Beijing’s top diplomat, Wang Yi, arrived in Moscow and is due to have a closed-door meeting with Russian President Vladimir Putin on February 22, where he will try to broker a peace deal to end the Russo-Ukraine war.
Wang, who is the Director of the Office of the Central Foreign Affairs Commission of the Chinese Communist Party and also a member of the Politburo of the Chinese People’s Republic, has been touring European capitals, stopping off in Berlin, Paris and Rome on his way to Russia.
Russia and China may reach the target of $200bn worth of trade turnover earlier than planned, Russian President Vladimir Putin said in the few public comments on his meeting.
"We set the goal of reaching [trade turnover] worth $200bn in 2024. Last year it was already worth $185bn, and there are all grounds to suggest that we will reach our trade turnover targets probably even earlier than planned," he said.
Russia's Foreign Minister Lavrov issued a short statement after Wang met with Russia's foreign minister.
"Wang Yi outlined China’s vision of the root causes of the Ukraine crisis as well as approaches to its political settlement. Lavrov positively assessed Beijing’s constructive line and confirmed the high degree of similarity between our assessments in this array of issues," the statement said.
The two diplomats hailed the current state of Russian-Chinese relations, which continue "to develop dynamically in the wake of drastic changes in the international arena." Sergei Lavrov and Wang Yi touched upon a range of pressing international issues, including the Asia-Pacific Region, the Korean Peninsula and Afghanistan. The diplomats emphasised the importance of fostering close foreign policy co-ordination at a variety of international platforms.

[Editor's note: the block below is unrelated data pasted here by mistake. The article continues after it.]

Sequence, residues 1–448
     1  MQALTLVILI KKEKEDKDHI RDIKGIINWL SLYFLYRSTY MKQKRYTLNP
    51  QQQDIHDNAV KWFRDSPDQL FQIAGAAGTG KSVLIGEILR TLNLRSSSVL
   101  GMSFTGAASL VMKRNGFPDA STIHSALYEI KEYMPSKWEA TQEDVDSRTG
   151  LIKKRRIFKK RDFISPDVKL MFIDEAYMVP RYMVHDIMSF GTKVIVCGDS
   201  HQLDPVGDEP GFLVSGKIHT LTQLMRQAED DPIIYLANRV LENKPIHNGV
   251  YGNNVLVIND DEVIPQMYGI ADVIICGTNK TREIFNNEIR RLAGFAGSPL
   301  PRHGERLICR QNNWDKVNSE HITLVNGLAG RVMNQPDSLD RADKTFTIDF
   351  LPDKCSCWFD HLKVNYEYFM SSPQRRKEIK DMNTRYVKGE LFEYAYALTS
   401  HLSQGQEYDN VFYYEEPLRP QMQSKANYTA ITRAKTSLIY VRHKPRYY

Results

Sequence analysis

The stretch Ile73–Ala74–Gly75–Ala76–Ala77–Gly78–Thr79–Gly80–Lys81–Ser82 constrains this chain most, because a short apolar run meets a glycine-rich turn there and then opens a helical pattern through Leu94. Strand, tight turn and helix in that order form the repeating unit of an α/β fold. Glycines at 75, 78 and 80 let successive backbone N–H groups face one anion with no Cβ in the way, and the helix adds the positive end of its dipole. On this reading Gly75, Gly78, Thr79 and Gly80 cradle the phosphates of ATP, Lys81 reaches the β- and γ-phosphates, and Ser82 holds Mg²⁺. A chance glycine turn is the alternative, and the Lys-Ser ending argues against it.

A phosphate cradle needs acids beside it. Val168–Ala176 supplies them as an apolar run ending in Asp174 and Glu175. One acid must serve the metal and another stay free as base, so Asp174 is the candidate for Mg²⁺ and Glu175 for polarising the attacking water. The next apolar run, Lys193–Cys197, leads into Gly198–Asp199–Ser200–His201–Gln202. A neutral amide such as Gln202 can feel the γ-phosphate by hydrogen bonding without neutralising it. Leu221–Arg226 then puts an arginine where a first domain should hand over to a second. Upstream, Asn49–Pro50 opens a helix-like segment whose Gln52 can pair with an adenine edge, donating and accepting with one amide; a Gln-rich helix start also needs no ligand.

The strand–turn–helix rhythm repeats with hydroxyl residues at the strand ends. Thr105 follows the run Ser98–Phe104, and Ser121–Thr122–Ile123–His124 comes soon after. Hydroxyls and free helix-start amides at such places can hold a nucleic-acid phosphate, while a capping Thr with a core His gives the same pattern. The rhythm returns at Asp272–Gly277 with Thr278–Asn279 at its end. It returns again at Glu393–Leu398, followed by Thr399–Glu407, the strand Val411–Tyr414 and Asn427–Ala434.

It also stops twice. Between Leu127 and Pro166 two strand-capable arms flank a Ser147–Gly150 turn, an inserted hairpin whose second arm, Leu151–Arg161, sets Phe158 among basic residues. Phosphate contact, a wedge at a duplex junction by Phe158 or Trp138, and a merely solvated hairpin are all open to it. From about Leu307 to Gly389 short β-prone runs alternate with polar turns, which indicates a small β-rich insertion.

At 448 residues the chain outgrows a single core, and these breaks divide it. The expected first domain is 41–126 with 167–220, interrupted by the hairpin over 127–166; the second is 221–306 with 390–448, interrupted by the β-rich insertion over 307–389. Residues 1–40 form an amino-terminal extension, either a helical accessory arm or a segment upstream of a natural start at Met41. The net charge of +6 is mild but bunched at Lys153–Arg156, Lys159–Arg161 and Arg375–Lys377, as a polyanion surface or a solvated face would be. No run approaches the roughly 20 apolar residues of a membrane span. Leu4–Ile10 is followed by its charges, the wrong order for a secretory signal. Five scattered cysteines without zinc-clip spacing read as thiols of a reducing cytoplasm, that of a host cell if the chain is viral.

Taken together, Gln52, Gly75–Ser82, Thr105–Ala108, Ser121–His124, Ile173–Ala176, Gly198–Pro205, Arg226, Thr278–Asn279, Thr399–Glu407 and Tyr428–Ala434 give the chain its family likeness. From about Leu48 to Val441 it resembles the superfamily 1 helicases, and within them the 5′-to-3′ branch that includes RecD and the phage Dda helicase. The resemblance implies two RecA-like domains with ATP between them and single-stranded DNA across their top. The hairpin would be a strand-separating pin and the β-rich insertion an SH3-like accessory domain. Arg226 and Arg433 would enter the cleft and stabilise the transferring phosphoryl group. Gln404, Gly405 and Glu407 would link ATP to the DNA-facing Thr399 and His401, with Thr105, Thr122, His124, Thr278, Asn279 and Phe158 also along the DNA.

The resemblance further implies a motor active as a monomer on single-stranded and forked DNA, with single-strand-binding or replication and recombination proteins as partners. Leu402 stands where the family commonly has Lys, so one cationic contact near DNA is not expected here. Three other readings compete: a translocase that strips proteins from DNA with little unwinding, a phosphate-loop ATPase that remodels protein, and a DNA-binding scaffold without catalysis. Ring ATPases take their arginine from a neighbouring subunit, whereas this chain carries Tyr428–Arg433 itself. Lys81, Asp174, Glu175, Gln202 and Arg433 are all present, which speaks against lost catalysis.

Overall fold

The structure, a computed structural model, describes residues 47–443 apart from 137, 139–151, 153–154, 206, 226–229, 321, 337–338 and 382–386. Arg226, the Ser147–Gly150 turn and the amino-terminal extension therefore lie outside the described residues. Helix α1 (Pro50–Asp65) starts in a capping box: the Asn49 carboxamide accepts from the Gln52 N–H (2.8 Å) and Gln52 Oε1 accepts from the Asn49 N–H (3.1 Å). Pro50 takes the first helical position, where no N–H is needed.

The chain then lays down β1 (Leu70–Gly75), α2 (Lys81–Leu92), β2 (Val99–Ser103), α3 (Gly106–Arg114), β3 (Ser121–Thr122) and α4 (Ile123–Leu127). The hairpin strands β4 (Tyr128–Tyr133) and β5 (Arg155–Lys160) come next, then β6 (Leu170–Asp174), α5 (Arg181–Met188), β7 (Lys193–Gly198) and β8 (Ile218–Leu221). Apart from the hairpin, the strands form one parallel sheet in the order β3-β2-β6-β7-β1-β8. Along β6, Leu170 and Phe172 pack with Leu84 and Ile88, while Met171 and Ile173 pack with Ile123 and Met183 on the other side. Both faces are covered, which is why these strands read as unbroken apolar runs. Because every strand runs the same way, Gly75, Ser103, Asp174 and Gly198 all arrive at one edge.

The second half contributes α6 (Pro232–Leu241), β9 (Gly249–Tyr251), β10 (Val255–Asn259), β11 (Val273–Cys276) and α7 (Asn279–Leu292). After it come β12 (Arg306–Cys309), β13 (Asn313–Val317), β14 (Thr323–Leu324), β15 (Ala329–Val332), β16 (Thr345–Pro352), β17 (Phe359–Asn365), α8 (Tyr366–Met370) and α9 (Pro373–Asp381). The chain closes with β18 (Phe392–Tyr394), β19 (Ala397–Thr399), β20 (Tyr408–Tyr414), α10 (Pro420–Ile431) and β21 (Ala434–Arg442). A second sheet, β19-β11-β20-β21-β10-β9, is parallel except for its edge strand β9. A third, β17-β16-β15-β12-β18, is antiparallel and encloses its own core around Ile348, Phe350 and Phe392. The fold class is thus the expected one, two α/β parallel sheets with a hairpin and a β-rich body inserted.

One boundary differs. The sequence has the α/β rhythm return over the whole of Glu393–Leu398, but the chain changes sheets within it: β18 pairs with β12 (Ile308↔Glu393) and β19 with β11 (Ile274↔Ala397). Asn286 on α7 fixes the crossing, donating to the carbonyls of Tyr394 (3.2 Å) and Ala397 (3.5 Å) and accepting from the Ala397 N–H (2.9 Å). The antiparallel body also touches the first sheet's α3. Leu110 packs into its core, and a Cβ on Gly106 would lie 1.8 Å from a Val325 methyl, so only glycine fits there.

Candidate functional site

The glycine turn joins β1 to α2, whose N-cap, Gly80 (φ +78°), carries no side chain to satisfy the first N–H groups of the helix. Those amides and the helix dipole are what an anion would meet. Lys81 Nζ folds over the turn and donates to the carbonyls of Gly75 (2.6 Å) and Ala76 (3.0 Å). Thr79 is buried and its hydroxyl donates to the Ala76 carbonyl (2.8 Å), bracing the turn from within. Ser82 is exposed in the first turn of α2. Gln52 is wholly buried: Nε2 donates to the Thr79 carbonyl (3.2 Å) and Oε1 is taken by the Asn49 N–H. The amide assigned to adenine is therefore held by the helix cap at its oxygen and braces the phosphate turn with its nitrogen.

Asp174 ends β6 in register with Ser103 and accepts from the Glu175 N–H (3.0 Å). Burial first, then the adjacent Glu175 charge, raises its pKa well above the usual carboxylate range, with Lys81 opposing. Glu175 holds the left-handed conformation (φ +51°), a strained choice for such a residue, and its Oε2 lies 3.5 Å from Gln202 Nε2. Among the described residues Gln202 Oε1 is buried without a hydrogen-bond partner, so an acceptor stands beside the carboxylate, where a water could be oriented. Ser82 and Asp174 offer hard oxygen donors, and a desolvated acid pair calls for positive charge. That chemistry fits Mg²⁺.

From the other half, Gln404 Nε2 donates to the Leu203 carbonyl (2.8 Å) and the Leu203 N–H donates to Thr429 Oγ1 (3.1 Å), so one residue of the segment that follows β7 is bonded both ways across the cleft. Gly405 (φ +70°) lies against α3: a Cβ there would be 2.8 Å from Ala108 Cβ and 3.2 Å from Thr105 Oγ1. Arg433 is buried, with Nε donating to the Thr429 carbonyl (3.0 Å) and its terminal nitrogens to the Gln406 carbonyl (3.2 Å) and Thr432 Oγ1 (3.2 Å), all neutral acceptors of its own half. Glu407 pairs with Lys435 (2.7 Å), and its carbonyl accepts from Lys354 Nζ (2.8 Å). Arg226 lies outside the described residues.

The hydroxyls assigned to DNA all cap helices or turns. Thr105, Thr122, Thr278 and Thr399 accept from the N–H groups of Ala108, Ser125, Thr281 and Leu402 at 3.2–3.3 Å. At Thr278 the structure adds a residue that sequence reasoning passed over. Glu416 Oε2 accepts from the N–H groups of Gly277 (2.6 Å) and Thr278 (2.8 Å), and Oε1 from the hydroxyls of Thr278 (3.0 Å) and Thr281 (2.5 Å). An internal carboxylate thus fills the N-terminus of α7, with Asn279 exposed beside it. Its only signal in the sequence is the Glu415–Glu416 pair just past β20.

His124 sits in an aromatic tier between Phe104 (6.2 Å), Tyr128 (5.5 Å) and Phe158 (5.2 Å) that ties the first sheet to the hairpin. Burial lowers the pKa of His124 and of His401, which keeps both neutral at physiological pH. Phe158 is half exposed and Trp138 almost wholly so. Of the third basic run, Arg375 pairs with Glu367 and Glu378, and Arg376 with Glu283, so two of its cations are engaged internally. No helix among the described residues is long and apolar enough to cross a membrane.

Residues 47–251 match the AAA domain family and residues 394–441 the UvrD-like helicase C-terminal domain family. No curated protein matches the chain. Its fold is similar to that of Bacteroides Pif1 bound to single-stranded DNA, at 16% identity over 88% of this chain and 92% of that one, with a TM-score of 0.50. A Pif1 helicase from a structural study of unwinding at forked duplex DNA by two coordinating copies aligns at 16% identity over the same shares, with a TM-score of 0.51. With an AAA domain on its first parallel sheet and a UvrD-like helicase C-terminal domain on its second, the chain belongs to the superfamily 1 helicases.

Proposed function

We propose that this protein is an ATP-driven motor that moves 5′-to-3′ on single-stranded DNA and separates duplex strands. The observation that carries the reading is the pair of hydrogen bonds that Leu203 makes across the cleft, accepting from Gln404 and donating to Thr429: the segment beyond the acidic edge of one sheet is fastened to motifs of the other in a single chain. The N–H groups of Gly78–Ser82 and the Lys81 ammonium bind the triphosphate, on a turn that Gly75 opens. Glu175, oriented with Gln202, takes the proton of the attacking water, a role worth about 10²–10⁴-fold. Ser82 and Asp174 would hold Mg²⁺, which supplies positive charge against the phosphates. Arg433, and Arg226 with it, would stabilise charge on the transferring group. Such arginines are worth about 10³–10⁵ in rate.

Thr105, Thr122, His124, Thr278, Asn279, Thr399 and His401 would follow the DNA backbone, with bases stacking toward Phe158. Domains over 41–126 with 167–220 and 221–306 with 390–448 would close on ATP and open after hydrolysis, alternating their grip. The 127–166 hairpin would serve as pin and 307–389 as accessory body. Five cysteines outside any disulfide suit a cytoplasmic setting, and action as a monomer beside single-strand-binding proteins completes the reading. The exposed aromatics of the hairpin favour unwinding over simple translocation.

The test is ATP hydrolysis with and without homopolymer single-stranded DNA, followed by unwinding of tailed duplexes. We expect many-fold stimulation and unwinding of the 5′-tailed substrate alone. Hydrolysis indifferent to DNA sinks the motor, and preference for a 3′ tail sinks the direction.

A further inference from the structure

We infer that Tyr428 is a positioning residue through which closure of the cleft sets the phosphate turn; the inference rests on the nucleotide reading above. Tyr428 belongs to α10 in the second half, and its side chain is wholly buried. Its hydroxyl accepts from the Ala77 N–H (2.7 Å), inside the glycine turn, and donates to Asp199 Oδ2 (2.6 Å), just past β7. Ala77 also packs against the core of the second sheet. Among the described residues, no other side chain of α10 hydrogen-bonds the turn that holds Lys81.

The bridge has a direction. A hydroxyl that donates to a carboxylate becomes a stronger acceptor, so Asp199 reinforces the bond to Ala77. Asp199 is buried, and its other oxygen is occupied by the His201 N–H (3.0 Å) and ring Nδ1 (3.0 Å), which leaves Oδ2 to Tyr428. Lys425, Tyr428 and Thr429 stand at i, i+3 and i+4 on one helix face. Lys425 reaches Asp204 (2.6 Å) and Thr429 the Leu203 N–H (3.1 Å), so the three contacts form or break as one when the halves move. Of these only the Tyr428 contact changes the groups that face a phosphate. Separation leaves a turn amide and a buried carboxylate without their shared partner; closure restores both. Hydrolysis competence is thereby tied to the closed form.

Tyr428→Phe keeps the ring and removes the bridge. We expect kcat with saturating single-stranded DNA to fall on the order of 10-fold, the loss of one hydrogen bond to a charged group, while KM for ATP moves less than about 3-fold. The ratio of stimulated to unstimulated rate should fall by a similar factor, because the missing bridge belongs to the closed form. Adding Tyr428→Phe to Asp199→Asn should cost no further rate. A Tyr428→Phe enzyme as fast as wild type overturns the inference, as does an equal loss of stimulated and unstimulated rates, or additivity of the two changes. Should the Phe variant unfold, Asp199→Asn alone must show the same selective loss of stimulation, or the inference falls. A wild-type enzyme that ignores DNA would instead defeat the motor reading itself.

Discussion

"They confirmed that third countries’ attempts to obstruct the healthy and dynamic progress of Russian-Chinese relations and to restrain our countries’ growth by imposing sanctions and other illegitimate methods were futile," the foreign ministry said.
He also talked to Ukraine’s Foreign Minister Dmytro Kuleba on February 21. Kuleba confirmed that Wang has a peace deal proposal but has not shared the details with Kyiv yet.
The meeting between Wang and Putin is probably a preliminary meeting ahead of Chinese President Xi Jinping's planned visit to Russia in the next month or two – the details of Xi’s trip have not been set yet – where more talks on ending the war are likely.
Kuleba confirmed that Wang shared with Kuleba the key points of the peace plan but Kyiv remains cautious until it see a full draft version, Kuleba said.
According to various reports, the plan may include a ceasefire and a halt in the supply of weapons to Ukraine, calls for respect for territorial integrity, ensuring the safety of nuclear power plants and the inadmissibility of the use of chemical and bacteriological weapons. Separate provisions of the plan may echo Putin’s complaints about US aggression made during his state of the nation speech on February 21 and could be included in the draft alternative UN resolution to a Western revolution that is due to be read on the anniversary of the February 24 invasion in New York, The Bell reports.